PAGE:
Oscar’s dance with destiny

2014-11-23 15:00

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When a teenage Oscar Pistorius broke his prostheses, instead of going to his usual doctor, his grandmother Gerti found a number in Pretoria and dialled it. Pistorius’ biographer John Carlin details the event that changed Oscar’s life

One day during Oscar Pistorius’ first year at high school, when he was 14, he fell while running and broke his prosthetic legs. He went to his grandmother Gerti, who lived in Pretoria, for help. It was an emergency.

Instead of turning to his usual prosthetics specialist in Joburg, a 45-minute drive away, she looked in the phone book, found a number in Pretoria and dialled it. The person who answered the call was Francois van der Watt.

‘It was a total chance occurrence. I just happened to pick up the phone,’ he recalled. ‘There were others working there. I was a junior, just starting out in my first job at a prosthetics consultancy. She described the problem and asked: “Can you help?” I told her to bring the boy in right away.

‘I had a look at his prostheses and saw at once they were beyond repair,’ Van der Watt recalled, sitting in the lounge of his spacious Texas home. ‘They were old-style, 1950s, wooden, and they were an ungainly mess.’

He decided he should find a set of new, improved prostheses for the boy, which would allow him to run and play. ‘He was shy,’ Van der Watt recalled, ‘but as I would soon discover he really pushed himself to the limit.’ They had several sessions together until they found the right fit. One day, Van der Watt had a brainwave.

‘It was the year 2000, just before the summer Olympics and Paralympics. I was intrigued by this Paralympics thing and I got hold of a promotional video for the games. I thought Oscar should take a look at it. He had no idea Paralympic sport existed and he sat there watching the video in my office, absolutely absorbed. He was smiling and I could sense a tingle in him.’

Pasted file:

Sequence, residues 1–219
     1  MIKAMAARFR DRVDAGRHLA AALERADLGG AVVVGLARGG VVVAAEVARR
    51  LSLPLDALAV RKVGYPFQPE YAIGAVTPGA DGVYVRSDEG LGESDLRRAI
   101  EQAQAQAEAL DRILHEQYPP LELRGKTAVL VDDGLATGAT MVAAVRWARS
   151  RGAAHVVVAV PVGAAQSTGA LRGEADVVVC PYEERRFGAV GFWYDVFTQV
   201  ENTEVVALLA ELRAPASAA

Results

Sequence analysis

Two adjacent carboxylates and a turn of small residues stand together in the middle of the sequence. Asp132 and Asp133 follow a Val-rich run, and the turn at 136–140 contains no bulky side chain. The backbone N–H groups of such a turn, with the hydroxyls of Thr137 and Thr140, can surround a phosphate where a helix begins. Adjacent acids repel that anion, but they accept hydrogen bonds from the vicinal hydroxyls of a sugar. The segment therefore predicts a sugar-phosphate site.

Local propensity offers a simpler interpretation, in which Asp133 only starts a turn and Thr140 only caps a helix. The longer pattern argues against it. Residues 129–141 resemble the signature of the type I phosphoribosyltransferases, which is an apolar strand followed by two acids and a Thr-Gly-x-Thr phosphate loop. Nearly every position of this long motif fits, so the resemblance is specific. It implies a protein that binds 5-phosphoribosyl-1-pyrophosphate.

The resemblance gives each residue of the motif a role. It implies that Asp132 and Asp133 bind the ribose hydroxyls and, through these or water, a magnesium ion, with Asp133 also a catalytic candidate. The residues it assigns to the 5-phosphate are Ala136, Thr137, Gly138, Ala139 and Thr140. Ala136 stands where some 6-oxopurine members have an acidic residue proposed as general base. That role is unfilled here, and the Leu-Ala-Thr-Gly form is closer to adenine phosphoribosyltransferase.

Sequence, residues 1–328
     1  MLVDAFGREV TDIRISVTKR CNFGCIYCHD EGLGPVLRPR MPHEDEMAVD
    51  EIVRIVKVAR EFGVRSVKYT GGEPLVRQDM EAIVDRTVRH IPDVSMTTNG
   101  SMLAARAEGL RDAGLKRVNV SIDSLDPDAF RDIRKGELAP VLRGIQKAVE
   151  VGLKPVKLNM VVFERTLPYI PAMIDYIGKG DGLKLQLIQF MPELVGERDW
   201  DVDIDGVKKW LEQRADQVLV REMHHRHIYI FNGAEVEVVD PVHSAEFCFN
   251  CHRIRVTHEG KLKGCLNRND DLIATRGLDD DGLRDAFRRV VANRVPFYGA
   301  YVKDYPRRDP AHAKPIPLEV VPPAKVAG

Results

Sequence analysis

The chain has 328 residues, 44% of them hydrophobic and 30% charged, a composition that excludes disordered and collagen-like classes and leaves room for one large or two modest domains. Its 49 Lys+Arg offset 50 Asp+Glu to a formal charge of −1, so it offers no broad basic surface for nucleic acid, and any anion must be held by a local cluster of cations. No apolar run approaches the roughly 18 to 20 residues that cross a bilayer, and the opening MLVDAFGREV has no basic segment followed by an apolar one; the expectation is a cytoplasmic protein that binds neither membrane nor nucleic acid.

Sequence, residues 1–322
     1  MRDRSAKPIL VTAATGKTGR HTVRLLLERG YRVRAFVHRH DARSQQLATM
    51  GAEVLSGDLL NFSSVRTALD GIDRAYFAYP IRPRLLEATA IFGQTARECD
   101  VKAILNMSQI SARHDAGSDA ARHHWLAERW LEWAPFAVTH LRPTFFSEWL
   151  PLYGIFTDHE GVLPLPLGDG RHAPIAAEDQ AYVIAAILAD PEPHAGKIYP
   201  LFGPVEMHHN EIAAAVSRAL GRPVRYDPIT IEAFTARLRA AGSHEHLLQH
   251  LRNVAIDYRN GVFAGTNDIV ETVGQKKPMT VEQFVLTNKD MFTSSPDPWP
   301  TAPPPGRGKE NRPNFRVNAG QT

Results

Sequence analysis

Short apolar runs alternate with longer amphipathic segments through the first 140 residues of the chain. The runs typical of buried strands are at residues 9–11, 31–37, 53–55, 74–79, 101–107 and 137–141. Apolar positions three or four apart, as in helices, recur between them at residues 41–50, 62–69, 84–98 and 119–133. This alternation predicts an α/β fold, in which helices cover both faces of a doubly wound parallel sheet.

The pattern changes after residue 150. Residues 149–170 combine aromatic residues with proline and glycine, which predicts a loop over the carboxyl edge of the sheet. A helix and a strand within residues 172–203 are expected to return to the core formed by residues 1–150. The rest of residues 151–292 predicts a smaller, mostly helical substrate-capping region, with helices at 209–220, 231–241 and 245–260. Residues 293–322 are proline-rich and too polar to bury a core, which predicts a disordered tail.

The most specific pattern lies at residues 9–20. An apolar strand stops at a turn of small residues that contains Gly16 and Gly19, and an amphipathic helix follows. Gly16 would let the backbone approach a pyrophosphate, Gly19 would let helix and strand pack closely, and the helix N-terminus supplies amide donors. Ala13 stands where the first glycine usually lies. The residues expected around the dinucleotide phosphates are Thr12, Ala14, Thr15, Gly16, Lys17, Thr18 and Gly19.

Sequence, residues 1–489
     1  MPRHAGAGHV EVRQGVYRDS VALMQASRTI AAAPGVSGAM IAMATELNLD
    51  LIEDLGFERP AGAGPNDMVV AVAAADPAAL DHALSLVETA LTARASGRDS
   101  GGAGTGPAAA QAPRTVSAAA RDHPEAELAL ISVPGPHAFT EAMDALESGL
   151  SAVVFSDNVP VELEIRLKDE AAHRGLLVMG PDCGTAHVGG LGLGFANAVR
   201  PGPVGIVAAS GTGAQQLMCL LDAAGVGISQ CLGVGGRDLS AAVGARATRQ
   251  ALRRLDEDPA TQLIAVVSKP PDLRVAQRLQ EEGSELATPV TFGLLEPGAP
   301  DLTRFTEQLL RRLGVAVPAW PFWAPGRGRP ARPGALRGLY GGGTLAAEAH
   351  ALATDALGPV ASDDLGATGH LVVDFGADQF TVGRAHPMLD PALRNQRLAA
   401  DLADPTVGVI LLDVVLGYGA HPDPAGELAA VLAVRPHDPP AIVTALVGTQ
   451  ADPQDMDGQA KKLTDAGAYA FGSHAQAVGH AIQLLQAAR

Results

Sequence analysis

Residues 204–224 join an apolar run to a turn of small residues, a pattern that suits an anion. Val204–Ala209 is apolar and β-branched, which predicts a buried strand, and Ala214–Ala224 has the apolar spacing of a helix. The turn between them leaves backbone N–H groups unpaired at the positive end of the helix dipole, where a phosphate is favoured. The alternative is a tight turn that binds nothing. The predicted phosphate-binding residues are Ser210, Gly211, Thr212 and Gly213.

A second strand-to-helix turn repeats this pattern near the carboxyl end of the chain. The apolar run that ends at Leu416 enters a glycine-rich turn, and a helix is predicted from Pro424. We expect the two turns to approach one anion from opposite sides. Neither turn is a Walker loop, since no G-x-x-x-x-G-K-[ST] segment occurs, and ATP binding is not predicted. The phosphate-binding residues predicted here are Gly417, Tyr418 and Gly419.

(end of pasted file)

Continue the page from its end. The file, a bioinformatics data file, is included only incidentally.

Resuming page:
What he needed now was a pair of carbon fibre ‘Cheetah’ blades like the ones the Paralympic runners used. The originals were far too expensive and so Van der Watt decided to try to build a pair of his own.

What he lacked was the knowledge required to work with carbon fibre and to mould the blades to the correct specifications. So he made contact with a man who worked with that very material in the manufacture of airplanes and drew a model of what he wanted, based on the Paralympians’ Cheetahs.

‘The airplane guy made the legs, I built the sockets into which Oscar would lock his stumps, I attached the two and we made a plan,’ said Van der Watt, who took a photograph of the 14-year-old on the very first day he tried them on. He looked proud as could be.

The problem, they would soon find, was that they would have to make not just one pair, but several. ‘We went to the track thinking “let’s see what happens”. Then he ran and broke the first pair in five minutes. I probably made five or six pairs until he stopped breaking them.’

His stumps bled, raw from the friction between the makeshift blades and the thin skin. But he never gave up.

It was not until 2001 that they hit upon a pair that did not break and with which the boy was entirely comfortable. He was still playing rugby at school, using his normal everyday prostheses, but every other week he would go to a track to experiment with the home-made Cheetahs.

At that stage, 14 going on 15, his goal was not the Paralympics. Van der Watt could see he was fast, but he did not know how fast relative to potential competitors at the highest level of disabled sports.

At the start of 2004, he began training at the University of Pretoria with an athletics coach by the name of Ampie Louw. The fruits of the new training became manifest within a month of the two starting out together at the end of January 2004, when Pistorius found himself representing Pretoria Boys at a schools athletics event in Bloemfontein.